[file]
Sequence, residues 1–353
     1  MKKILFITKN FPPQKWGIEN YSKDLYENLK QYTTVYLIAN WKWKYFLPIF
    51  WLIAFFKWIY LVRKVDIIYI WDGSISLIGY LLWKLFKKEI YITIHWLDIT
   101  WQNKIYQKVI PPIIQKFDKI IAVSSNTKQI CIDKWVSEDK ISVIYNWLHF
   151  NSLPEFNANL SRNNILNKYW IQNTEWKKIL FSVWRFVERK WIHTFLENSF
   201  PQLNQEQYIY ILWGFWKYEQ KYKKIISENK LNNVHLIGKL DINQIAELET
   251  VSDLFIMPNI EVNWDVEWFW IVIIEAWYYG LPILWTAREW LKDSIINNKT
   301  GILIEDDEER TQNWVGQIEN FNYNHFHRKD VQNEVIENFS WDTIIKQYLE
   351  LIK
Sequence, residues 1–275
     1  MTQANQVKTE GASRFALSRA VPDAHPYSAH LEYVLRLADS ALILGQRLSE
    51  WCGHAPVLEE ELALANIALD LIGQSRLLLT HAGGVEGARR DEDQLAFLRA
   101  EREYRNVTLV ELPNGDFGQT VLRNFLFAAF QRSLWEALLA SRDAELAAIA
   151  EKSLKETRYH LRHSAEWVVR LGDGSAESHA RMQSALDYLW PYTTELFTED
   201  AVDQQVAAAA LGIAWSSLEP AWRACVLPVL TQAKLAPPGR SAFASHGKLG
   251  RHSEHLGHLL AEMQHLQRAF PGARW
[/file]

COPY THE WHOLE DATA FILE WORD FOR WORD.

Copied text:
Sequence, residues 1–353
     1  MKKILFITKN FPPQKWGIEN YSKDLYENLK QYTTVYLIAN WKWKYFLPIF
    51  WLIAFFKWIY LVRKVDIIYI WDGSISLIGY LLWKLFKKEI YITIHWLDIT
   101  WQNKIYQKVI PPIIQKFDKI IAVSSNTKQI CIDKWVSEDK ISVIYNWLHF
   151  NSLPEFNANL SRNNILNKYW IQNTEWKKIL FSVWRFVERK WIHTFLENSF
   201  PQLNQEQYIY ILWGFWKYEQ KYKKIISENK LNNVHLIGKL DINQIAELET
   251  VSDLFIMPNI EVNWDVEWFW IVIIEAWYYG LPILWTAREW LKDSIINNKT
   301  GILIEDDEER TQNWVGQIEN FNYNHFHRKD VQNEVIENFS WDTIIKQYLE
   351  LIK
Sequence, residues 1–275
     1  MTQANQVKTE GASRFALSRA VPDAHPYSAH LEYVLRLADS ALILGQRLSE
    51  WCGHAPVLEE ELALANIALD LIGQSRLLLT HAGGVEGARR DEDQLAFLRA
   101  EREYRNVTLV ELPNGDFGQT VLRNFLFAAF QRSLWEALLA SRDAELAAIA
   151  EKSLKETRYH LRHSAEWVVR LGDGSAESHA RMQSALDYLW PYTTELFTED
   201  AVDQQVAAAA LGIAWSSLEP AWRACVLPVL TQAKLAPPGR SAFASHGKLG
   251  RHSEHLGHLL AEMQHLQRAF PGARW